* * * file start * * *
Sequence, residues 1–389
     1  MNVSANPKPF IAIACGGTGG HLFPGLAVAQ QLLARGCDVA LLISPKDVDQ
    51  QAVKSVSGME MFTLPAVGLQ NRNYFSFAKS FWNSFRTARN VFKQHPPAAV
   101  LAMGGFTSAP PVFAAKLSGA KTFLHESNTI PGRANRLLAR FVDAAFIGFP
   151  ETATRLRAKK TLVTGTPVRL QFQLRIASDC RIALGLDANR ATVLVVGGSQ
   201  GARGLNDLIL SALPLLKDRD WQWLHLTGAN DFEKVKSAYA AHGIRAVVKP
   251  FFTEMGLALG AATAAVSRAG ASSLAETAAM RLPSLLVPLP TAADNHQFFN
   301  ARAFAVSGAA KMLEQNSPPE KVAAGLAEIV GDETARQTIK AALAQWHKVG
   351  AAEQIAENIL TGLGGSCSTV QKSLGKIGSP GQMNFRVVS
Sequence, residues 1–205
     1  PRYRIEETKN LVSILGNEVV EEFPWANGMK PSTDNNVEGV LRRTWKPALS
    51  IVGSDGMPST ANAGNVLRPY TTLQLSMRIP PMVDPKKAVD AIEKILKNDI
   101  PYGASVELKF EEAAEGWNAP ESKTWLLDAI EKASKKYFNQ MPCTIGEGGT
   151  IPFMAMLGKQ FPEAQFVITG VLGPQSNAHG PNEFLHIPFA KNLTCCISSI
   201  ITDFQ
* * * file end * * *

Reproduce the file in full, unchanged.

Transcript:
Sequence, residues 1–389
     1  MNVSANPKPF IAIACGGTGG HLFPGLAVAQ QLLARGCDVA LLISPKDVDQ
    51  QAVKSVSGME MFTLPAVGLQ NRNYFSFAKS FWNSFRTARN VFKQHPPAAV
   101  LAMGGFTSAP PVFAAKLSGA KTFLHESNTI PGRANRLLAR FVDAAFIGFP
   151  ETATRLRAKK TLVTGTPVRL QFQLRIASDC RIALGLDANR ATVLVVGGSQ
   201  GARGLNDLIL SALPLLKDRD WQWLHLTGAN DFEKVKSAYA AHGIRAVVKP
   251  FFTEMGLALG AATAAVSRAG ASSLAETAAM RLPSLLVPLP TAADNHQFFN
   301  ARAFAVSGAA KMLEQNSPPE KVAAGLAEIV GDETARQTIK AALAQWHKVG
   351  AAEQIAENIL TGLGGSCSTV QKSLGKIGSP GQMNFRVVS
Sequence, residues 1–205
     1  PRYRIEETKN LVSILGNEVV EEFPWANGMK PSTDNNVEGV LRRTWKPALS
    51  IVGSDGMPST ANAGNVLRPY TTLQLSMRIP PMVDPKKAVD AIEKILKNDI
   101  PYGASVELKF EEAAEGWNAP ESKTWLLDAI EKASKKYFNQ MPCTIGEGGT
   151  IPFMAMLGKQ FPEAQFVITG VLGPQSNAHG PNEFLHIPFA KNLTCCISSI
   201  ITDFQ